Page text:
If you’re curious why voting YES is vital, the Guild sent out this nice video with writers explaining the importance of saying yes to the strike authorization vote.
It features Eric Wallace, Matthew Weiner, Luvh Rakhe, Kate Erickson, Zoanne Clack, Glen Mazzara, Aaron Mendelsohn, Meredith Stiehm, and Carleton Eastlake.

Still thinking of voting “no” because strikes suck?
David Slack came to Twitter to explain how a “no” vote could actually lead to a strike.

TL;DR: Vote YES.

Current active WGAW/WGAE members who have earned at least $33,701.25 under the MBA during the last six years and/or have at least 15 qualified pension years are eligible to vote.
The member meetings are happening on Tuesday and Wednesday in LA and NY. More info on them at the WGA’s strike authorization page.

The strike authorization vote begins in person today (Tuesday, April 18), and online at 8:30PM tomorrow (Wednesday, April 19). Vote ends Monday, April 24 at 12:00PM (all times PDT).

And if you’re wondering about my thoughts in all of this, they’re straightforward:

I stand with the WGA.

Or to put it in profile picture terms…

I Stand With the WGA

Write on.

One Year of (various) Posts

First post of the birthday week.
This might feel to some like one of those sitcom epis with clip shows of the best moments because writers have become lazy.
Don’t worry though, this is just a blog taking a look back at a year’s worth of random posts, because I’m lazy.

Like J.D. said:

I know I’d love to forget all the [things] that have happened to me. But unfortunately I keep replaying them in my head like some clip show from a bad sitcom too lazy to come up with a fresh story.

So much incredible stuff happened in the past year…

Let’s get started with TV.
This year has been marked by crazy actions on this side of the biz.
From CBS to FOX or HBO, we’ve seen some pretty incredible stuff.
Most of all, there was some serious NBC talk thanks to Dumb and Dumber‘s stupid moves, especially moving Leno to the 10PM slot, Mondays thru Fridays.
You can bet I’ll be talking about this more in Wednesday’s post.

Equally as mind-boggling was SciFi‘s atrocious name-change planned for July (SyFy? Really?):

Let me get this straight.
You want to change everything from your logo to your slogan, and from the brand to your core audience (you know, the one that made you what you are now). And do all that for absolutely no reason at all (given the channel’s top-10 network status)?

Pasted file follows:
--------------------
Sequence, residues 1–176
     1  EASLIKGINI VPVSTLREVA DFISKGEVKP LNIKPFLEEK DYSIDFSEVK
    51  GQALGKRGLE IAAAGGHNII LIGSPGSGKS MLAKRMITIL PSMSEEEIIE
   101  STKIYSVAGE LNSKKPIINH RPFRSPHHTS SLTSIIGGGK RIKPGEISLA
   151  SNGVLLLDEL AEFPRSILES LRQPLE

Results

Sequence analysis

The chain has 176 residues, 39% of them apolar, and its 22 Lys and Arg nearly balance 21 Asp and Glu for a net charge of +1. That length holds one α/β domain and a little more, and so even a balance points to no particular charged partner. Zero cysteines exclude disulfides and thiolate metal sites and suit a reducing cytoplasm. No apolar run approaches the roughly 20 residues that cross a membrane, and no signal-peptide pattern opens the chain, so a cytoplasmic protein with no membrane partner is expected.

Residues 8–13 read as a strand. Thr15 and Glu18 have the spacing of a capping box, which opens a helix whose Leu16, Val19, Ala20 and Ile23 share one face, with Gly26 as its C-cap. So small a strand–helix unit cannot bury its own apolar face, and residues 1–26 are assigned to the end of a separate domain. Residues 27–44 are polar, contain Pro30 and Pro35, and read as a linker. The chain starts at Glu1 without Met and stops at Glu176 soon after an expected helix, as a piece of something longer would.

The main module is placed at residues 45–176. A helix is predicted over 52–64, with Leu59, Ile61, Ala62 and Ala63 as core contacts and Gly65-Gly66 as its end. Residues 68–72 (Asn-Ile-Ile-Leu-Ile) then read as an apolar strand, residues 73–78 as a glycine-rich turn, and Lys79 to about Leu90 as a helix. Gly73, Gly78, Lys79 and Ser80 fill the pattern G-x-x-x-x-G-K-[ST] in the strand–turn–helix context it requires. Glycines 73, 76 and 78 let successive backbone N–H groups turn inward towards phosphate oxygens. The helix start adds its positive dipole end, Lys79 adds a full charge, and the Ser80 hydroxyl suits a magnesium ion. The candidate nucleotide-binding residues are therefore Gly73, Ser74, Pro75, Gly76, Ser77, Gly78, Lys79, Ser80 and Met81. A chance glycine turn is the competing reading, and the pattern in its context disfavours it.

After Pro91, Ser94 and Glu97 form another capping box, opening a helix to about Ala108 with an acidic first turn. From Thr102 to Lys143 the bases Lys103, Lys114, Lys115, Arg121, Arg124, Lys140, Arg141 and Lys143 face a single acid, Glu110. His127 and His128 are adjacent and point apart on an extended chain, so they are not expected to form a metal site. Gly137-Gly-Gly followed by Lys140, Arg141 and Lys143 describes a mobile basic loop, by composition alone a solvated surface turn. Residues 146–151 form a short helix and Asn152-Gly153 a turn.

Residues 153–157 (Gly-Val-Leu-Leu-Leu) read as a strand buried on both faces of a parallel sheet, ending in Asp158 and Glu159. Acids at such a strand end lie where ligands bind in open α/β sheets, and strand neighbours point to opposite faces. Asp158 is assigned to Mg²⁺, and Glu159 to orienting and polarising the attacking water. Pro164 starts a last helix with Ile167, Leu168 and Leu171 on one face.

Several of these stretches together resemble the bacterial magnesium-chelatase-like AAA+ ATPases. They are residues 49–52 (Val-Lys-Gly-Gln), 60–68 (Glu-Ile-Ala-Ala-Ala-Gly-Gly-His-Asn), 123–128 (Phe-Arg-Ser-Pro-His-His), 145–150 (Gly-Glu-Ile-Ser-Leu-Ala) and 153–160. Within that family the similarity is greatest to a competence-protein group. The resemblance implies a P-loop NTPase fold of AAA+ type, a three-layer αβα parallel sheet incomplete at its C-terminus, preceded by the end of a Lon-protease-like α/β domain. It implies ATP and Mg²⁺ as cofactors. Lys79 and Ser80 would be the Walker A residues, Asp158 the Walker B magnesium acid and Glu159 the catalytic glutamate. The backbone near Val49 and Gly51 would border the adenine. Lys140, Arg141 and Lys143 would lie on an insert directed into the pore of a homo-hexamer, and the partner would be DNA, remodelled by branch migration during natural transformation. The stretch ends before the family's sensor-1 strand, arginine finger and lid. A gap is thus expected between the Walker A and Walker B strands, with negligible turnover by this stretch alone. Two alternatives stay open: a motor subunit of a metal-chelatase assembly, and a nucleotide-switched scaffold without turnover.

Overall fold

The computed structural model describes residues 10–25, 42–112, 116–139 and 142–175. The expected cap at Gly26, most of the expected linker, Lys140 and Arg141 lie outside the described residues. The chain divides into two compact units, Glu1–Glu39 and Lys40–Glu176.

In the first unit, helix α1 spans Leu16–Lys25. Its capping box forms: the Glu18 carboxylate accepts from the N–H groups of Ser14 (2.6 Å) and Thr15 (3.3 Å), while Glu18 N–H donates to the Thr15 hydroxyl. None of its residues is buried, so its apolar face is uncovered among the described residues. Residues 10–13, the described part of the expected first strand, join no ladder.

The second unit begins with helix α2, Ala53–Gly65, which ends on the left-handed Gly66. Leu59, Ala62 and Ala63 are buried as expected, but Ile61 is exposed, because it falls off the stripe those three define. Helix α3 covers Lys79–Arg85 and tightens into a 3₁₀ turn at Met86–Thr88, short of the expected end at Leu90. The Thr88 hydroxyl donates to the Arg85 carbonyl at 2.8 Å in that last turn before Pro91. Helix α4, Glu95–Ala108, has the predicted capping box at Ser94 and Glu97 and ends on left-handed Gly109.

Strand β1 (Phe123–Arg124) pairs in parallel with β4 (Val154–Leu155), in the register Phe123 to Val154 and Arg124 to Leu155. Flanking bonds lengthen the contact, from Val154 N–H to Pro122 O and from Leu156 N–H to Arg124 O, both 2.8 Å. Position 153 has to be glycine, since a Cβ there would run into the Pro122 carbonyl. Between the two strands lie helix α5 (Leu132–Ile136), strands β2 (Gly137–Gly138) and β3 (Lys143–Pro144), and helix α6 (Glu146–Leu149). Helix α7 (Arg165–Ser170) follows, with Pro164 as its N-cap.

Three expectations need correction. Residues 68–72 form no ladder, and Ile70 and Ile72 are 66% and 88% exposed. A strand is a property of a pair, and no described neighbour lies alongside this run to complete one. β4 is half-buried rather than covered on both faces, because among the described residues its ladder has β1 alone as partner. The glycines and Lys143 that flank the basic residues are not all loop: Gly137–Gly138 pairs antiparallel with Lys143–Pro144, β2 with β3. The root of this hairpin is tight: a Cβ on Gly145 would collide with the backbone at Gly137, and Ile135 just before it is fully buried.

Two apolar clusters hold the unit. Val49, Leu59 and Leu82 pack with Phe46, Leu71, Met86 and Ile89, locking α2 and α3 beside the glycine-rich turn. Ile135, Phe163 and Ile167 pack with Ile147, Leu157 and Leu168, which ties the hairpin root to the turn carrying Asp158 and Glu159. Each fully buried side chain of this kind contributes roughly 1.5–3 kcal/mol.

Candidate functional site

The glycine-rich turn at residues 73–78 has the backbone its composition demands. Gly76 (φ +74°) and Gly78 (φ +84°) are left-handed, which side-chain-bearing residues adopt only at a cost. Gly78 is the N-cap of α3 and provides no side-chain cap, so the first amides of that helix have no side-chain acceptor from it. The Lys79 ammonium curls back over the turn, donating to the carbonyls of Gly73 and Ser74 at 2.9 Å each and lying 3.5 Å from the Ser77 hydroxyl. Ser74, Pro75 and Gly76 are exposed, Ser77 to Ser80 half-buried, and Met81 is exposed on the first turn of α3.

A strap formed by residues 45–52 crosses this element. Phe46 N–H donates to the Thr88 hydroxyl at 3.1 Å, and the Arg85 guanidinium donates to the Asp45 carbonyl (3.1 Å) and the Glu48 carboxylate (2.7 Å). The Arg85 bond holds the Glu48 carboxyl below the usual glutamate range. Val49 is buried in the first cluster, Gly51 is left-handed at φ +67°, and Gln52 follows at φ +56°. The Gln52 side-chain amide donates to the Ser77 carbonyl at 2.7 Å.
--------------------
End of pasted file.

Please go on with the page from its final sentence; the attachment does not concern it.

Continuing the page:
Syfyllis is still a serious condition and just plain dumb.
One very recent Twitter justification was equally as spastic (is that what the cool kids are calling it these days?):

If it’s such a good time for sci fi, why change your network name to SyFy?
To differentiate our brand in an increasingly competitive category where we’re competing in more countries and on a growing number of platforms. For instance, type “scifi” into Hulu search and you won’t get any results from our shows on the first page. Just one example of many.

Continuing on the TV side of things, we’ve seen our fair share of TV Shows throughout the year, including an interview I did with Lost‘s Damon Lindelof and Carlton Cuse.
Some shows were unfortunately cancelled, like The Middleman (my favorite from last summer), others surprisingly not, like Dollhouse. Others meanwhile were fortunately renewed, such as Leverage.
There was also an introduction to this new little ABC show called Flash Forward (now renamed FlashForward, following the author’s original wish).

We talked a bit as well about the Arrested Development movie that shouldn’t come out for another year or two.
In the meantime, you should check out the awesome Arrested Developement documentary (yes there is one) when it comes out (2009?).

Perfect segue to the movie front of the year, which had a lot of…interesting happenings (besides Cannes).
Watchmen was probably the most talked-about film here, followed closely by Star Trek.
Speaking of, Warner Bros. just loved my posting of the epic Watchmen opening sequence and asked Blogger to delete my post with no warning.
Like I said at the time:

I’m not going to post the sequence again for the sake of it, but suffice to say that I’m quite disappointed by the behind-my-back actions taken.
I also find quite ridiculous that said actions were done in the name of the Digital Millennium Copyright Act, let alone the crusade against people posting the opening Watchmen sequence.
Are they afraid people will find it is so awesome they decide not to go watch the rest of the movie?
Even yU+Co was forced to take it down, even though it’s their own company that made the titles.
Quite ridiculous indeed.

Another Watchmen scandal was with its ending.
Squid or no Squid? I asked back in November.
You should know by now the answer (spoiler alert: it’s not like in the graphic novel).